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How to create a garden to attract wildlife
No matter where we live, we are all surrounded by wildlife but sadly it is declining by an alarming rate as our lifestyles impact on the delicate balance of nature. If you’d like to help wildlife and encourage more into your garden, here are a few top tips on what you can do to do your bit for the wildlife here in the UK.
Have a bird feeder
There’s nothing better than pulling back your shutters first thing in the morning and being greeted with the site of beautiful birds flying around. Not only are birds an important part of the garden ecosystem, there’s something incredibly relaxing about hearing their calls and it can also be great fun trying to identify the different species.
If you’re trying to attract birds to your garden, a bird box or feeders are a must. If you have a cat, place feeders high up and near a dense bush to provide them with cover. In spring, birds like to feast on protein-rich feed such as fat balls and in winter, seeds are best.
Don’t cut the grass
It may sound like an excuse to get out of the chores but leaving your grass to grow is a great way to attract all sorts of creatures including butterflies, moths, grasshoppers and even birds and hedgehogs.
Chances are that you don’t want an untidy, over-grown garden however so just leave some blocks of grass unmown until the autumn. You can find out how to do this while keeping your garden looking great by following this link: https://community.rspb.org.uk/wildlife/homesforwildlife/b/gardeningforwildlife/posts/long-grass-that-looks-great
Create wildlife hotels
There are so many ways you can create shelters which will attract all sorts of wildlife into your garden.
• Insects such as beetles and spiders are attracted to piles of rocks, twigs and rotting wood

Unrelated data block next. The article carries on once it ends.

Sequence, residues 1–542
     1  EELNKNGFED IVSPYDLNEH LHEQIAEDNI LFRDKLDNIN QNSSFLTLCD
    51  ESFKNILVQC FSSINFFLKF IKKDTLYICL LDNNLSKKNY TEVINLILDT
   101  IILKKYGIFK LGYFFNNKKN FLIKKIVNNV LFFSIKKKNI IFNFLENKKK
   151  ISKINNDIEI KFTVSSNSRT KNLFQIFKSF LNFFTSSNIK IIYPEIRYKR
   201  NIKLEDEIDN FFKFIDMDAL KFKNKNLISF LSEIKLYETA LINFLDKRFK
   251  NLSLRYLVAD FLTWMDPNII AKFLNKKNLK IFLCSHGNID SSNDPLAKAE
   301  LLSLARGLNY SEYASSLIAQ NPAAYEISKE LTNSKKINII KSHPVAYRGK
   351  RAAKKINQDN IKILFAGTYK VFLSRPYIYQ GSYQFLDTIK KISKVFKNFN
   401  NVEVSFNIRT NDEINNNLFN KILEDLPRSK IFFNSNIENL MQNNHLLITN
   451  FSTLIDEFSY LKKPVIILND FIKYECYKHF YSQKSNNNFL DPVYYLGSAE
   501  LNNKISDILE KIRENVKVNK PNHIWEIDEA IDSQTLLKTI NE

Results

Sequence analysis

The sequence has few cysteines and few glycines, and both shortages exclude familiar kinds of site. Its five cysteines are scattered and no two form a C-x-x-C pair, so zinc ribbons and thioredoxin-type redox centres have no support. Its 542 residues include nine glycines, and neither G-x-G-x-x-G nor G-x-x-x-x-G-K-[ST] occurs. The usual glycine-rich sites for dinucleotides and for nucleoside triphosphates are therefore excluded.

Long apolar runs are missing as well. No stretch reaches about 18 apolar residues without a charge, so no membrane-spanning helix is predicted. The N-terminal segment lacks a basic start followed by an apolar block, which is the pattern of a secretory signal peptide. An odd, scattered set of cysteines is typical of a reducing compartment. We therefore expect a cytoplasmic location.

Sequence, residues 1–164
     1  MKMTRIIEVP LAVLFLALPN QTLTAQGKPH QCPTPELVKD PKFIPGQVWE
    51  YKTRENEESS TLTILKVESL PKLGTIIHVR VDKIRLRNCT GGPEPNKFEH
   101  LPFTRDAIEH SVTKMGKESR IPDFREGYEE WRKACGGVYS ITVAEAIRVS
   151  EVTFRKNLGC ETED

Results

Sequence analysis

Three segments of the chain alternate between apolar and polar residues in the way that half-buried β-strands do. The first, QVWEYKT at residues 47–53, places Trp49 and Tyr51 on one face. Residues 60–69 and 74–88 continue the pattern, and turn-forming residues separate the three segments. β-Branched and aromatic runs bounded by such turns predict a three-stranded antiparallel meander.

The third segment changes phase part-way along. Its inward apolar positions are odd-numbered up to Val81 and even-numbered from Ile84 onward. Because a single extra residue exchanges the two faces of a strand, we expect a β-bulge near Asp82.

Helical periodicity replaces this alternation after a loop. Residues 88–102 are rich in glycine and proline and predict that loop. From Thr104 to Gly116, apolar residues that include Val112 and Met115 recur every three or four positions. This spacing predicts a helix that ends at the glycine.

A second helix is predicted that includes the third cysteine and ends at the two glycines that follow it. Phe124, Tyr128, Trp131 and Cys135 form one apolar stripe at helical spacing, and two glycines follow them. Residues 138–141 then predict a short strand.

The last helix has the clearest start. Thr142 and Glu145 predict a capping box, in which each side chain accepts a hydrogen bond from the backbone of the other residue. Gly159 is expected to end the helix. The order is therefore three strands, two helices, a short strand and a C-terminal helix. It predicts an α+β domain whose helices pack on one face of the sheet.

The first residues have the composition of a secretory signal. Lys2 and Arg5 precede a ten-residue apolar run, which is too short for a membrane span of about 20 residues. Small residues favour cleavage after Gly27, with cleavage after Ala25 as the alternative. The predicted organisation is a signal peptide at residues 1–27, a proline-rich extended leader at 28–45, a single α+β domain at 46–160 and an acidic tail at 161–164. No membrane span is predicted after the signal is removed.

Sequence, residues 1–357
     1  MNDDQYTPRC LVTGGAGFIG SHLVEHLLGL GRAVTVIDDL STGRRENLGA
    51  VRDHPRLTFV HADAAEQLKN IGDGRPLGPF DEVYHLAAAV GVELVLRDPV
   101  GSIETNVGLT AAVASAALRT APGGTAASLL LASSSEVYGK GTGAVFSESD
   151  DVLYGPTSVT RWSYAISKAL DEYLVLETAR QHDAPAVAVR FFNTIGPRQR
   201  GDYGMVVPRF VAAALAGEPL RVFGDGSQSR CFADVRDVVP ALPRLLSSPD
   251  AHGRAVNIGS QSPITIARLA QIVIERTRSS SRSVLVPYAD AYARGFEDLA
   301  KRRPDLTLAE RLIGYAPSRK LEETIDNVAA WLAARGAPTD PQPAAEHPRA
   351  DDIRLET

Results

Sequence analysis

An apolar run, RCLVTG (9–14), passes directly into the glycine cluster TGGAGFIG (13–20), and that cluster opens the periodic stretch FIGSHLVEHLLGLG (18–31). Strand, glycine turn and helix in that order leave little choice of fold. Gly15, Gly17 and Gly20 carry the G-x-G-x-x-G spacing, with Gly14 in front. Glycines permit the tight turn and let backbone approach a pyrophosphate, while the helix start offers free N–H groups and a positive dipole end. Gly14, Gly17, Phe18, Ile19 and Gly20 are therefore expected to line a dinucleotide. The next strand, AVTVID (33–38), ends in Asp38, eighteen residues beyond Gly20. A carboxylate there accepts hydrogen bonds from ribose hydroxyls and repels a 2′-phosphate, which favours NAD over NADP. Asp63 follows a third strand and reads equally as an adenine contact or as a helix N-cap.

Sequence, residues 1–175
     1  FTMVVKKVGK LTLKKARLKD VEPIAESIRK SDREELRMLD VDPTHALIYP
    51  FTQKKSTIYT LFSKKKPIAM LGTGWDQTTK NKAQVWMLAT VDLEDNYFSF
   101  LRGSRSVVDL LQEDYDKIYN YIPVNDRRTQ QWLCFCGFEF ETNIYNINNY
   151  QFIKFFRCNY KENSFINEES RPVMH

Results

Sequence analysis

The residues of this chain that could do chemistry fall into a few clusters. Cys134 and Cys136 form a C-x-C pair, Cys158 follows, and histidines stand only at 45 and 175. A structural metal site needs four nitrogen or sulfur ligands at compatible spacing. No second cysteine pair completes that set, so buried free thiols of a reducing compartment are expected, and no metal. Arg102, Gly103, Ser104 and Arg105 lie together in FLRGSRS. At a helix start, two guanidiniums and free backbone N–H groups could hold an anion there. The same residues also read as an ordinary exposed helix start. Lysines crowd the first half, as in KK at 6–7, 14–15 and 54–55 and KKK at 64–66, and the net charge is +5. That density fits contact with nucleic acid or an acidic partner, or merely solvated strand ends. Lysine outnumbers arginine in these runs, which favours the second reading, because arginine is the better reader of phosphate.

• Making and using your own compost will not only naturally enrich your soil, it will also provide a habitat for worms, woodlice, frogs, slow worms and more. Ensure you only use raw food to create compost unless you want to attract rats to your garden as well
• The spaces between old roofing tiles and naturally occurring holes in bricks and soft mortar are used as nesting sites by red mason bees. You can attract other bees and wasps by drilling holes into a timber post which gets a lot of sun for them to lay their eggs
• Log piles encourage biodiversity because they provide the ideal habitat for small mammals, amphibians and insects. Please remember to check log piles thoroughly before lighting a bonfire however
• Fallen leaves left in a damp shady corner will attract frogs, toads, newts and slug-eating centipedes
• Dead wood left on trees could become a home for bats, birds or invertebrates
Build a pond
Ponds make a fantastic feature in any garden and they’re possibly the single most useful element for wildlife. The good news is that it doesn’t have to be big – you could even simply bury a bucket or a trough.
Here are some top tips for creating a wildlife pond:
• If you have a big pond, ensure there are stones or branches to help wildlife get in and out
• Shallow edges will allow easy access for frogs and newts
• Ponds are best filled with unchlorinated rainwater from a water butt
• Waterlilies stop ponds from becoming stagnant
• Avoid positioning your pond in full sun or full shade
• Keep your pond clean. Barley straw pond cleaners control algae without exposing your pond to harmful chemicals
• Or alternatively visit the RHS website: https://www.rhs.org.uk/advice/profile?PID=622